Dr. Ginger Rebstock

A fearful scourge to the penguin colonies: Southern giant petrel (Macronectes giganteus) predation on living Magellanic penguins (Spheniscus magellanicus) may be more common than assumed

Authors: Dr. Ginger Rebstock and Dr. P Dee BoersmaJournal: Marine Ecology Press SeriesDOI: https://doi.org/10.3354/meps14476 Excerpt from abstract: Southern giant petrels (Macronectes giganteus) are important consumers that range across the oceans throughout the southern hemisphere […] Here we describe a predation attempt by a trio of southern giant petrels on a molting adult Magellanic penguin (Spheniscus magellanicus) at the large colony at Punta Tombo, Argentina […] We suggest that living penguins—both fledglings and adults—may constitute a more seasonally significant proportion of the giant petrel diet than previously assumed, and their capture may represent a specialized predation technique.

A fearful scourge to the penguin colonies: Southern giant petrel (Macronectes giganteus) predation on living Magellanic penguins (Spheniscus magellanicus) may be more common than assumed Read More »

Center paper finalist for Cozzarelli Prize

The paper “Climate presses and pulses mediate the decline of a migratory predator”,” published last year ” is the finalist for the Cozzarelli Prize in the category Class VI: Applied Biological, Agricultural, and Environmental Sciences. Congrats to former Abrahms Lab postdoc Dr.T. J. Clark-Wolf, Dr. Dee Boersma, Dr. Ginger A. Rebstock, and Dr. Briana Abrahms! Read the full press release on the PNAS website.

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Sex-specific migratory behavior in a marine predator results in higher risks to females

Metadata Authors: Dr. Ginger Rebstock and Dr. P Dee BoersmaJournal: Marine Ecology Press SeriesDOI: https://doi.org/10.3354/meps14476 Summary Summary written by Sofia Denkovski Protecting Migratory Species Sexual Segregation of Magellanic Penguins Effects of sex-biased distribution on females What does this tell us?

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Field updates: Argentina, April 2023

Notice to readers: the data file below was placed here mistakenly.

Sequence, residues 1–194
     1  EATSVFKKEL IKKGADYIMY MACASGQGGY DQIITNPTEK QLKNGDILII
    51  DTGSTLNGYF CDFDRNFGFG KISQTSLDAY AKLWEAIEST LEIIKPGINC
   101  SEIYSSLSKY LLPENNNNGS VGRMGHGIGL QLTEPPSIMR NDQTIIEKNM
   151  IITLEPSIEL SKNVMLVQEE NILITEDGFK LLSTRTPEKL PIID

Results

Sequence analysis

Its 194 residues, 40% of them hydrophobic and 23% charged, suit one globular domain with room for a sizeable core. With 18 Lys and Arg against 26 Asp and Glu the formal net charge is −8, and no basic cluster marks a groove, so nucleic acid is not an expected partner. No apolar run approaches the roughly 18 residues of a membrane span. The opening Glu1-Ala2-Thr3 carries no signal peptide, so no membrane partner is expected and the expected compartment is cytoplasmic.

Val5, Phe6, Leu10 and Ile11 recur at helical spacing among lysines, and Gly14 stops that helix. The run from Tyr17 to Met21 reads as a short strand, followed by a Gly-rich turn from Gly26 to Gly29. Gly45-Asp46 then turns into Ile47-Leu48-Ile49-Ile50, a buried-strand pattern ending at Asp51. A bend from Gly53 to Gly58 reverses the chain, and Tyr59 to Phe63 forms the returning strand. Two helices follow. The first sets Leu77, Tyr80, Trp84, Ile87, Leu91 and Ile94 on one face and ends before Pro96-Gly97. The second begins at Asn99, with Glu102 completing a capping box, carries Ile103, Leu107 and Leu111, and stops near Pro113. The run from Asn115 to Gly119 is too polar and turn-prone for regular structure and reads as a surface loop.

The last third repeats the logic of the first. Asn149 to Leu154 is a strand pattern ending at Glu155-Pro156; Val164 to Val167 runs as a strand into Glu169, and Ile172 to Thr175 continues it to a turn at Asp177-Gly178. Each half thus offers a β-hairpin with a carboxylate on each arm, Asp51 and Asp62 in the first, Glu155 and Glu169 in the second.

Photo credit: Eric Wagner Thanks to the generous support of Zoo Augsburg in Germany, Dr. Ginger Rebstock and Dr. Eric Wagner were able to return to Punta Tombo for a couple of weeks in April. There, they put twenty satellite tags on penguins—ten females and ten males—that were about to start their post-breeding migration. From last year’s tagging effort, we know that females hug the coast more than males as they swim north, and pairs do not migrate together. Now we are trying to get a better sense of whether females and males use the same routes consistently from one

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Climate presses and pulses mediate the decline of a migratory predator

Authors: T. J. Clark-Wolf, P. Dee Boersma, Ginger A. Rebstock, and Briana AbrahmsJournal: Proceedings of the National Academy of SciencesDOI: 10.1073/pnas.2209821120 Long-term climate changes and extreme climate events differentially impact animal populations, yet whether and why these processes may act synergistically or antagonistically remains unknown…

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Making a perfect penguin_orig

Site fidelity increases reproductive success by increasing foraging efficiency in a marine predator

Authors: Ginger A Rebstock, Briana Abrams, P. Dee BoersmaJournal: Behavioral EcologyDOI: 10.1093/beheco/arac052 Seabirds must find food efficiently in the dynamic ocean environment to succeed at raising chicks. In theory, site familiarity, gained by prior experience in a place, should increase foraging efficiency when prey is predictable, and translate into increased reproductive success, though this is difficult to test empirically…

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